Jörg Dollmann, Irena Kogan, Markus Weißmann
When your accent betrays you: the role of foreign accents in school-to-work transition of ethnic minority youth in Germany

Journal of Ethnic and Migration Studies, In Press: (publ. online before print)
ISSN: 1369-183X (print), 1469-9451 (online)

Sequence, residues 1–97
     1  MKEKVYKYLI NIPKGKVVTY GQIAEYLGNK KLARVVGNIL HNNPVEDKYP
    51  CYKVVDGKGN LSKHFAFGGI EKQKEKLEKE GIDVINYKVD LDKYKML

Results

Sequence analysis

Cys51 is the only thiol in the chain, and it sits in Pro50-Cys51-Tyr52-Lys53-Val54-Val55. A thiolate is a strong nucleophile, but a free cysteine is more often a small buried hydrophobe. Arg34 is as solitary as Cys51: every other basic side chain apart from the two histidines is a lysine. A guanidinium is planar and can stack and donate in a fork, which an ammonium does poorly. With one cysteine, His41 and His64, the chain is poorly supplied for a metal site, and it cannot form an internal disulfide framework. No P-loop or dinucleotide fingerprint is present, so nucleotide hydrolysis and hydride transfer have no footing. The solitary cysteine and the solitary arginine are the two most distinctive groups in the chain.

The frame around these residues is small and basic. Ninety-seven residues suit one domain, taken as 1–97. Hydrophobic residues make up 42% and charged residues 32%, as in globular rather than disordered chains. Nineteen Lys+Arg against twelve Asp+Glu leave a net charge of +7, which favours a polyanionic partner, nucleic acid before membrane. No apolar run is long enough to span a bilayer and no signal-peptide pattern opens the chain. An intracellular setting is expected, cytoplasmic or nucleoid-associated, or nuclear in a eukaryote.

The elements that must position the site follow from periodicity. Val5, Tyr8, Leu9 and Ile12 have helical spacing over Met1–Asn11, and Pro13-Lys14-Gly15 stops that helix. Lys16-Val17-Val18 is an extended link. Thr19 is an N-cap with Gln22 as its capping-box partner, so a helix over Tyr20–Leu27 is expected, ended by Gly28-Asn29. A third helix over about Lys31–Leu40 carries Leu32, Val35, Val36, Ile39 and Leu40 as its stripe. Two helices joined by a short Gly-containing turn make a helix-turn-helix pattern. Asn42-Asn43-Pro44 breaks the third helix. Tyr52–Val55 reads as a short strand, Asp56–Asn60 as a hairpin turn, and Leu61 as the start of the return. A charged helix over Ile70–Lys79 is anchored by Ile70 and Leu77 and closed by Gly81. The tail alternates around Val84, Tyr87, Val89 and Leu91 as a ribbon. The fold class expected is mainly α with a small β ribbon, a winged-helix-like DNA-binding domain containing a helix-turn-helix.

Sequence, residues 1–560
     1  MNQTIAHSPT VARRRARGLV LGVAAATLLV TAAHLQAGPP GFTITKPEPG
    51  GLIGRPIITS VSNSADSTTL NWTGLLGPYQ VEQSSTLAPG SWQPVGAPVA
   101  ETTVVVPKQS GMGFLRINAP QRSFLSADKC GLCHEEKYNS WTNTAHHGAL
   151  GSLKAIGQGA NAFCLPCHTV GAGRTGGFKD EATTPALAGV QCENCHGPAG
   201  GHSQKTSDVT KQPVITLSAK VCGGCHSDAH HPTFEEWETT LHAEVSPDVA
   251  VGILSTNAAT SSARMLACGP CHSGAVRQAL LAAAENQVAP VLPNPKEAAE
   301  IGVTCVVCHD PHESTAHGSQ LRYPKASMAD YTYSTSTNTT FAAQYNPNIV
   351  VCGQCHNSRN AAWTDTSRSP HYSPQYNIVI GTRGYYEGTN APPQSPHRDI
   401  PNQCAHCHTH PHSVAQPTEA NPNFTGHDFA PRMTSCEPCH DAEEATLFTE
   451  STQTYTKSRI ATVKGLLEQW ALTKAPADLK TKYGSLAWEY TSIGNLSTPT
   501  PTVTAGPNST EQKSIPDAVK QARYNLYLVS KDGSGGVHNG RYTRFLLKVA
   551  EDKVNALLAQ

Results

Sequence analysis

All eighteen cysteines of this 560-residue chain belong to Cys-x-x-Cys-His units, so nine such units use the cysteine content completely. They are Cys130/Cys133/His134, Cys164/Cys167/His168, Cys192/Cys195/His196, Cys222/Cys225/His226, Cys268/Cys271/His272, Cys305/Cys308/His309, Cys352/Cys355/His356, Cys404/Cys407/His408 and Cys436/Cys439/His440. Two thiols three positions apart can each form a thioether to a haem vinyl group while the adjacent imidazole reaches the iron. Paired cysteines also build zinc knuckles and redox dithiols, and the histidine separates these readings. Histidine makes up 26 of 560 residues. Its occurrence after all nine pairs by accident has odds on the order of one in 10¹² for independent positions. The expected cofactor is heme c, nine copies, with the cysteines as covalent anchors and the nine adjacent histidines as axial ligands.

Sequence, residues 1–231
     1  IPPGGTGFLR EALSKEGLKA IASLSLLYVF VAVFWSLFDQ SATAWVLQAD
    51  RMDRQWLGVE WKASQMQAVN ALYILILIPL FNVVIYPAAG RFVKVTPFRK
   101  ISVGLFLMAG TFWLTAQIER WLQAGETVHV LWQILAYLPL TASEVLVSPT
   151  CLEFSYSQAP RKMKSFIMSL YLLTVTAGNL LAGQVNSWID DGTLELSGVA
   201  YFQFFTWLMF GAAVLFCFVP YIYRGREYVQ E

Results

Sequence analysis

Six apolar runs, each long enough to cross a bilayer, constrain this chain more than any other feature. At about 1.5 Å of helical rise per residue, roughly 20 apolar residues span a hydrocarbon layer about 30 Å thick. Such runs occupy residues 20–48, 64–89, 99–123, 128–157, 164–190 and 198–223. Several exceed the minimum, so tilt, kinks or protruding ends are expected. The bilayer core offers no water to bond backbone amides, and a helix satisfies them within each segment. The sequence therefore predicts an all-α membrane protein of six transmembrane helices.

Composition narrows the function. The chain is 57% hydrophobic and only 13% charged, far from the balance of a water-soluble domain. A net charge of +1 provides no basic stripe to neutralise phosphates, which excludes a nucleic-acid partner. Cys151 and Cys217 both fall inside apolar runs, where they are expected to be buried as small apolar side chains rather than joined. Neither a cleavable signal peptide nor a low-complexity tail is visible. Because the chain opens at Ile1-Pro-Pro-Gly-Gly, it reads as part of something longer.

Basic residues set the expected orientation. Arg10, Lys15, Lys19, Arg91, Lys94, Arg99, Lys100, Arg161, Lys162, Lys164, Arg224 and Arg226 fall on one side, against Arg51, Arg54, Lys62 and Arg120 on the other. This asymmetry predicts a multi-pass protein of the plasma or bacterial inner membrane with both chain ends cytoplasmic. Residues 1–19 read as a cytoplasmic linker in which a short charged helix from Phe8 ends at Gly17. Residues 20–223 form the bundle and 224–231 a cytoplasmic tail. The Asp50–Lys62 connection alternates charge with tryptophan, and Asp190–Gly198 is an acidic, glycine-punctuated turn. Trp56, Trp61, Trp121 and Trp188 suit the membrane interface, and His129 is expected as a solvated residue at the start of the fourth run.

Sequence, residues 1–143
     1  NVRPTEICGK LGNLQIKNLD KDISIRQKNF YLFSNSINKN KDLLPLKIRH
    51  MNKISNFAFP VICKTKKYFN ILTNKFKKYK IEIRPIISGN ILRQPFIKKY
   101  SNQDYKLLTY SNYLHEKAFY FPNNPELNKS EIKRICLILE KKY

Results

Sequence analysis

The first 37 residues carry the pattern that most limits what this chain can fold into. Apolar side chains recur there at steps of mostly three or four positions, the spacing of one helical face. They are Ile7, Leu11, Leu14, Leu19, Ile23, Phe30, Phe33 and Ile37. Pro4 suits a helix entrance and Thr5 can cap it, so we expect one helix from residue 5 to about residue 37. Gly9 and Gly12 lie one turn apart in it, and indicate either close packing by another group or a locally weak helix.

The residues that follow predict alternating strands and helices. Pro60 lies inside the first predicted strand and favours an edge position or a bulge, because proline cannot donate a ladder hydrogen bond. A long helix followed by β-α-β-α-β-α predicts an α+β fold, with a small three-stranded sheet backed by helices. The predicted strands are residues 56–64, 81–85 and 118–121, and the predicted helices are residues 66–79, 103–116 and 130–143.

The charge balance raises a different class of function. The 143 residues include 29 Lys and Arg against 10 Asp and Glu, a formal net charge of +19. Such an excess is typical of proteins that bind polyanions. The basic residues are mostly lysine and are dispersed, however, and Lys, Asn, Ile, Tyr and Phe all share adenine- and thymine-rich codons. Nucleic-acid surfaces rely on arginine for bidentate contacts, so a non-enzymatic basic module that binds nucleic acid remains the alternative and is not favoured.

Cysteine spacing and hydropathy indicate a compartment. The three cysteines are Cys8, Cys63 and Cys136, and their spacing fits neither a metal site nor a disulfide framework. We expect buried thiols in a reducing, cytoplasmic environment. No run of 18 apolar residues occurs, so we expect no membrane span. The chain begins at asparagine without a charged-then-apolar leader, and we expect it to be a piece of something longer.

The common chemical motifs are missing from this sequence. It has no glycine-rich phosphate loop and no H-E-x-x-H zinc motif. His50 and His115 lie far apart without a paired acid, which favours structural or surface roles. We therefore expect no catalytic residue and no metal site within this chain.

Given the challenges immigrants and their descendants face in entering the labour market, we add to the existing literature by considering a previously neglected explanation: a foreign accent. Using unique data with objective accent measures from the Children of Immigrants Longitudinal Survey in Four European Countries (CILS4EU), we first establish whether foreign-accent effects could be found in a non-experimental setting. Second, we seek to disentangle the accent effect by human capital, signalling, and discrimination approaches. Finally, we explore the extent to which employment and educational paths of accented speakers reflect their self-selection into the fields of study that lead to occupations for which accented speech is not a precondition. Our findings demonstrate that respondents with a stronger foreign accent are more likely to be found in occupations for which language skills are less essential. This is in line with the human-capital explanation. Self-selection tendencies might also be present, even though the findings are equivocal. Our analyses lend no support to the statistical discrimination explanation, as employers’ perceptions of foreign accents do not vary according to the extent of their contact with accented speakers at work or at home.